Wednesday, April 28, 2010

What I learned at the Boston Marathon

I ran the 114th Boston Marathon on Monday, April 19th. This photo was taken about 10 minutes after I literally hurled my Gatorade all over my shoes after the finish, nearly passed out, and heard the five words no marathoner wants to hear: “Do you need a medic?” After refusing to go the medical tent, (because I figured I could just lean on Sara) I managed to fold my cramping legs into a cab and we got back to the hotel. It was awesome! I have a blissful look because approximately 2.5 seconds after the snapshot was taken, I collapsed in bed and did not move for 2 hours! Hooray for physical activity. Marathons may be a little excessive but they do give one a neat sense of accomplishment.

Here are two important things I think I learned in Boston:

*Great city, great people, so kind and encouraging of all participants. It reminded me that everyone’s got their own race to run. Pace doesn’t matter so long as you’re in the race. The point is to keep movin’!

*Enjoy the moment. I derived a lot of satisfaction from the throngs of thousands lining the course cheering people on “Yo, 8014, yuhrr supah faaaaast. Keep it up, bud!” We all occasionally need other people to be our cheerleaders and root us on. The walking challenge over 100 staff members are participating in now at Norris is a good example of a team support network but it doesn’t have to be that formal. Keep encouraging your friends and colleagues to stay committed to their goals – whether those are fitness goals, education goals, or life goals. You may not know realize it, but it makes a difference.

Happy walking to all those who observed National Walk At Lunch Day Wednesday. We have had several "Run @ Work" days at Norris where we invite staff members to run or walk together on the track. For the earliest part when it's still dark out, we throw on the lights so people can see who they might otherwise run into on the track. And we crank up the tunes on a couple mix CDs that the hardcore devoted runners like Coady and Votta have put together. It doesn't matter whether you are walking or running, it's kind of a neat communal experience on these mornings. The physical activity and cardio benefits are well documented in health lit. We encouraged teachers to participate as a staff wellness initiative in the National Walk At Lunch Day, however they were able to fit that into their day. We had a nice turnout Wednesday morning on a chilly spring day. I extend the best of luck to everyone participating in the Lincoln Half or Full Marathon this weekend. I am doing the half; it's too soon I for me after Boston to run a full again.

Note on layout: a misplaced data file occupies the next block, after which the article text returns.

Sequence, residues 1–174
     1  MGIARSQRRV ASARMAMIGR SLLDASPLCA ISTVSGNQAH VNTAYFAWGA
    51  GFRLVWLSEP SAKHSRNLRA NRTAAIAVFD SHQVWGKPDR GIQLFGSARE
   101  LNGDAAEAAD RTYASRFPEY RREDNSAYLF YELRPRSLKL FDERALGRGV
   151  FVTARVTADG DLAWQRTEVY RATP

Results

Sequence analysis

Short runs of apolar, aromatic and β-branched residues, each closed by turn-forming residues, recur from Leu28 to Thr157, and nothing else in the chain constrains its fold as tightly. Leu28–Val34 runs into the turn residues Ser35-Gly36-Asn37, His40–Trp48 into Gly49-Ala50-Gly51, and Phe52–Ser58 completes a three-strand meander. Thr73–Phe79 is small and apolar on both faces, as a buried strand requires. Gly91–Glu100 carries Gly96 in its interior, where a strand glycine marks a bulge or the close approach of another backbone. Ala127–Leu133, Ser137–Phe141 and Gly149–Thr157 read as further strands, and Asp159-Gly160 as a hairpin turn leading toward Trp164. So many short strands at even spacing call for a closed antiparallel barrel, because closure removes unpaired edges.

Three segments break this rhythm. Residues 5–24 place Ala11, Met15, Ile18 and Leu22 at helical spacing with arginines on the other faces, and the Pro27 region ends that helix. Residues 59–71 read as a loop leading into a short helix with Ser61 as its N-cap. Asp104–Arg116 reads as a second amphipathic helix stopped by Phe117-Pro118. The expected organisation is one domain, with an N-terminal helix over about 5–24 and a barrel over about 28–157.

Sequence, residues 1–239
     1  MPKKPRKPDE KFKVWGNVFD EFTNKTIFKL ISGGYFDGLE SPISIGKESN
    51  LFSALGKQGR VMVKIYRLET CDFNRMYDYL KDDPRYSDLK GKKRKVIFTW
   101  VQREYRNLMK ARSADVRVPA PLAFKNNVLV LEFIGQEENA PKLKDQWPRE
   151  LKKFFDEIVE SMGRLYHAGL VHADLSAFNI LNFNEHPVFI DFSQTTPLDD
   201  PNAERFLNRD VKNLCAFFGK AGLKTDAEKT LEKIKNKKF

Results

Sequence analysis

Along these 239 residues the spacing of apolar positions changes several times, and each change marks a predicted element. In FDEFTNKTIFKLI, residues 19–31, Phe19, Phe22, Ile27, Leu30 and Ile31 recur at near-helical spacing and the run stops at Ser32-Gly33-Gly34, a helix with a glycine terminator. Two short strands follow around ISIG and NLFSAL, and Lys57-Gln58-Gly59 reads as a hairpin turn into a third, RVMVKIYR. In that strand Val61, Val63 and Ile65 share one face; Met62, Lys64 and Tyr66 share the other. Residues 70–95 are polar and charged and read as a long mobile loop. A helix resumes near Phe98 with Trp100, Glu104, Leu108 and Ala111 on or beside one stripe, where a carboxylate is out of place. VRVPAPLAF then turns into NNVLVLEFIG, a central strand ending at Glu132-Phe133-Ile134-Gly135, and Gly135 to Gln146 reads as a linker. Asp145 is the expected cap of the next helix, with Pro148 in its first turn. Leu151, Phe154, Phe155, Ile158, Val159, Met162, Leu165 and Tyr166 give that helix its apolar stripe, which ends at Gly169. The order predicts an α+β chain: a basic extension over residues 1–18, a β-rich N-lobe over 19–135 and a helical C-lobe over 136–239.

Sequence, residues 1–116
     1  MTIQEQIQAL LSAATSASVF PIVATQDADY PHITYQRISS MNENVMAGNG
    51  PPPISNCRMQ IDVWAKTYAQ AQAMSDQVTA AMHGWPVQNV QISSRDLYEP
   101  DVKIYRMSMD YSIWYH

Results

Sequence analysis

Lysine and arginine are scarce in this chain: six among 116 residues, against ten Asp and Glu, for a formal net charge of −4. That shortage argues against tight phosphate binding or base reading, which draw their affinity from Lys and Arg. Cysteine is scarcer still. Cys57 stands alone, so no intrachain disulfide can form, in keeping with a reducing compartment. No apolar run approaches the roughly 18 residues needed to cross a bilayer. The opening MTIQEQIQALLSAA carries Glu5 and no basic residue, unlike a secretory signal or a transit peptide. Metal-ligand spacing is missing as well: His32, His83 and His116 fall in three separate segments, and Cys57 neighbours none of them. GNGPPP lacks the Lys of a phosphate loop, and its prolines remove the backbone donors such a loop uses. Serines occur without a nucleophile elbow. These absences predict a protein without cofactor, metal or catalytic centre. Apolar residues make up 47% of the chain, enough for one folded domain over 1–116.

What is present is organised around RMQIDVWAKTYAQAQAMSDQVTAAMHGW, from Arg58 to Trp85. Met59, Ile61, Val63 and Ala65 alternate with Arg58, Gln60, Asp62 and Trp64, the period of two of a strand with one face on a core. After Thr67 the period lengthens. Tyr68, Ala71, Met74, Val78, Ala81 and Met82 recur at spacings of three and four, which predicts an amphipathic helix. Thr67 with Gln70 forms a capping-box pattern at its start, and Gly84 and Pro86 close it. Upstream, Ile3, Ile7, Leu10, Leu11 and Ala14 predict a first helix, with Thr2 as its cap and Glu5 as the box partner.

Friday, April 16, 2010

Welcome speech to EMC Counselors

[Remarks from Skretta to EMC Counselors conference hosted at Norris April 16th]

Welcome to Norris! We have a beautiful campus here and we are glad to have the opportunity to host you. Thanks for coming.

As counselors, I want to express my gratitude to each of you for the way in which you allow us to stretch your capacity! Administrators are demanding of our counselors and you respond well. Curt and Becky have been phenomenal examples of that here at Norris. I know it’s a truism in education, but it does seem that we never ask anyone to do less and there is no group that is truer of than counselors, because you are in that ideal middle realm….administrators delegate to you, teachers complain to you, and you get to figure it all out so it works! It is another truism that “Adminstrators Decide, Counselors Do.” I know that’s playing out right now in our scheduling process. When it comes to the specifics: thanks for figuring it out!

It just becomes more challenging for counselors, so thanks for your responsiveness. We used to strive at the junior level to have kids plan and plot out what they were shooting for in college and careers. Then we said two years really wasn’t good enough. So we went to four. Now the movement is 6 years. That’s because, I don’t know if you knew this, but apparently India and China are cranking out science and math and engineering graduate students at a rate exponentially higher than the United States and someone figured out that if we could just get our 12 year olds to think more seriously about trigonometry instead of their X Boxes and skateboarding, we would close the gap. So get them to plan, provide evidence of the plan, monitor the plan, and close the international math/science achievement gap!

We have very high expectations for counselors, dare I say even preposterously high. But I don’t see that changing. When I look at your agenda for the day, I am really impressed by the scope of what you address and I encourage you to take advantage of the opportunity to collaborate with one another and to have the same shamelessly selfish motive I do in conference opportunities: steal the best ideas from elsewhere and claim them as my own!